By John Bombatch
INDIANAPOLIS — For IndyCar Series race driver Graham Rahal, the 2015 racing season was his most successful by far. That success has helped the 27-year-old to appreciate his dad Bobby Rahal’s auto racing success just that much more.
Rahal said he never really felt different growing up as the son of an Indy 500 winner, or the son of a three-time CART Series champion. It was just something that was always a part of his life growing up.
“The thing is, you grow up around it. You’re part of it. People say, ‘How did you realize that your dad was someone special?’ Well, I mean, truthfully, I don’t know that you ever really appreciated all that he’s accomplished until you’re trying to do it yourself,” Graham Rahal said during the IndyCar Series’ media day press conferences on Feb. 2 at the Indianapolis Motor Speedway.
“All of a sudden, you get put into this position and you have good years, you have bad years,” Rahal said. “The pressures that go along with it. You realize, Dad did this, he achieved that, won Indy, Daytona, Sebring. You know how hard that is to accomplish. You don’t appreciate that until you’re there trying to do it yourself.”
Bobby Rahal had 24 career wins in Indycar racing. He’s won at Daytona, won Indy, claimed the Championship Auto Racing Teams season title three times, and is in the International Motorsports, Motorsports of America, SCCA and Indianapolis Motor Speedway halls of fame.
His son, Graham has raced primarily in the IndyCar Series for the past nine years now (one of those being in the ChampCar Series), and he has three career wins in 148 starts. He won in 2008 on the street course in St. Petersburg, Florida, then went nearly seven years without another series win.
Last season saw Rahal claim wins at Fontana, and at the Mid-Ohio Sports Car Course, a circuit that the Ohio-based Rahal family has claimed as its home track ever since Bobby dominated there in SCCA, sports car and Indycar events in the 1970s and ’80s.
Asked to tell about which of last season’s wins were the biggest, Rahal, who recently married NHRA top fuel Funny Car sensation Courtney Force, had to be careful with his words.
“I think Fontana was more of a relief to finally get that whole second win thing,” he said. “I was so sick of answering questions about it. For so many years, I don’t know of my 20 podium (finishes) or whatever I had, I finished second 15 times. I was always close but never seemingly could get that second win.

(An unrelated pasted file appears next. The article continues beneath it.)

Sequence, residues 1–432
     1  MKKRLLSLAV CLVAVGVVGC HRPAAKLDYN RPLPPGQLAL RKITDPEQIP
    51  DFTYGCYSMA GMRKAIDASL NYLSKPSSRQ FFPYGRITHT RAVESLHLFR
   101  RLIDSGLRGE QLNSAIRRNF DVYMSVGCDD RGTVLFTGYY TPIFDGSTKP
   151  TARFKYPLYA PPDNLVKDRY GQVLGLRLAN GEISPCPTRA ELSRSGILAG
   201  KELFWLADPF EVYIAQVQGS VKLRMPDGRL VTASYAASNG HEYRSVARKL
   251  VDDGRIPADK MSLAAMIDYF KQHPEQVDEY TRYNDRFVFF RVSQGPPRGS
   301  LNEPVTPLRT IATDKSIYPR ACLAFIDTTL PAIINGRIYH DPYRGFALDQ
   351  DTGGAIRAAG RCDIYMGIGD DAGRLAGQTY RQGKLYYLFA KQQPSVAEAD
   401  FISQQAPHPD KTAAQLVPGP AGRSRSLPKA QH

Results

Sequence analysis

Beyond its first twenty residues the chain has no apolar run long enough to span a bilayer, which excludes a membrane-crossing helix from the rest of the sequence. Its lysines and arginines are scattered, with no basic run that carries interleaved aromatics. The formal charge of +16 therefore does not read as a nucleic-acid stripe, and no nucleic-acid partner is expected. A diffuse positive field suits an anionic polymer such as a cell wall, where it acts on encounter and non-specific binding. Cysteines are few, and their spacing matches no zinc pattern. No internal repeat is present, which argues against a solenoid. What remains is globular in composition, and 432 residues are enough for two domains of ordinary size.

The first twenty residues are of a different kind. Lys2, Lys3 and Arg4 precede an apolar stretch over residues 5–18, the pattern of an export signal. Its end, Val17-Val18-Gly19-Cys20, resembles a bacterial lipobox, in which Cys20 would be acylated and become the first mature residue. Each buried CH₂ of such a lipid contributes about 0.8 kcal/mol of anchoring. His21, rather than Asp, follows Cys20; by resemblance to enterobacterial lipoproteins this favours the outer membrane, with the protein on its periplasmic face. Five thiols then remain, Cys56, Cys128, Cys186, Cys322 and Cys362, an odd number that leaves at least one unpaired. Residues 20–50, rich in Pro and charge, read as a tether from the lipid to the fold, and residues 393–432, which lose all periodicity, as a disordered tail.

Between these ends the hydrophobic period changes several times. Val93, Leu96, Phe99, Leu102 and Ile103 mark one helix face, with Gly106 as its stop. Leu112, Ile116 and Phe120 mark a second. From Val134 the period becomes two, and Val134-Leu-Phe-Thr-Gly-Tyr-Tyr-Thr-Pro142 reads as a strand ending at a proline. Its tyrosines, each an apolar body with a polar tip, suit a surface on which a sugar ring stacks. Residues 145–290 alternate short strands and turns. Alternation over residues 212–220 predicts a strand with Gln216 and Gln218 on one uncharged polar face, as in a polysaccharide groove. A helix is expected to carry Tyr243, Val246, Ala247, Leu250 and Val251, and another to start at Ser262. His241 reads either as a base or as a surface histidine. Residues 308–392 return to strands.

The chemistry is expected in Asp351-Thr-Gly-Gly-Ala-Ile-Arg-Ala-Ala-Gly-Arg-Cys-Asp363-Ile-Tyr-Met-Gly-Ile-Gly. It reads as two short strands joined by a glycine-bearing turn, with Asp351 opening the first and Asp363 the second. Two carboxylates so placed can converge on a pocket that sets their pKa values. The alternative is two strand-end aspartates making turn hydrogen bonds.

“Fontana relieved that pressure, but Mid-Ohio was the greatest — I’m in front of media, so I have to be careful, with Courtney — but it was the greatest single day of my life.”
That August 2 win in Lexington was also special because Graham’s parents and family were all on hand. Bobby was pitside as Graham drives the Steak & Shake-sponsored Honda Dallara machine for Hilliard-based Rahal Letterman Lanigan Racing, which Bobby Rahal co-owns with retired talkshow host David Letterman and businessman Mike Lanigan.
For the Mid-Ohio race, Graham wore a special racing helmet that looked like the Ohio State Buckeyes football helmet, complete with Buckeye leaves.
“For me, to do a Buckeye helmet, Honda being right there, being home. It was the first time, I think, ever in my career that my whole family was at the track together, my siblings, mom (Debi) and dad and everybody. To have a day like that was a dream come true,” Rahal said.
With the 2016 running of the famed Indianapolis 500 being the 100th running of the Greatest Spectacle in Racing, Rahal has another dream he’d like to see come true in May. And the number 30 has an ongoing theme in the Rahal family as well.
“For me, the Indy 500 is the race that transformed the Rahal name forever in 1986, and that was 30 years ago,” Rahal said. Graham Rahal won the Rolex 24 Hours of Daytona endurance auto race 30 years after Bobby Rahal had turned the same feat. Graham won the SCCA National Championship Runoffs in the Formula Atlantic class some 30 years after his dad won in the same category.
“So to win (Indy) 30 years after that. … I hope that tradition continues,” he said.
The IndyCar Series gets under way March 13 with the Firestone Grand Prix of St. Petersburg, and will be shown on ABC television.
John Bombatch can be reached at (937) 372-4444, Ext. 2123.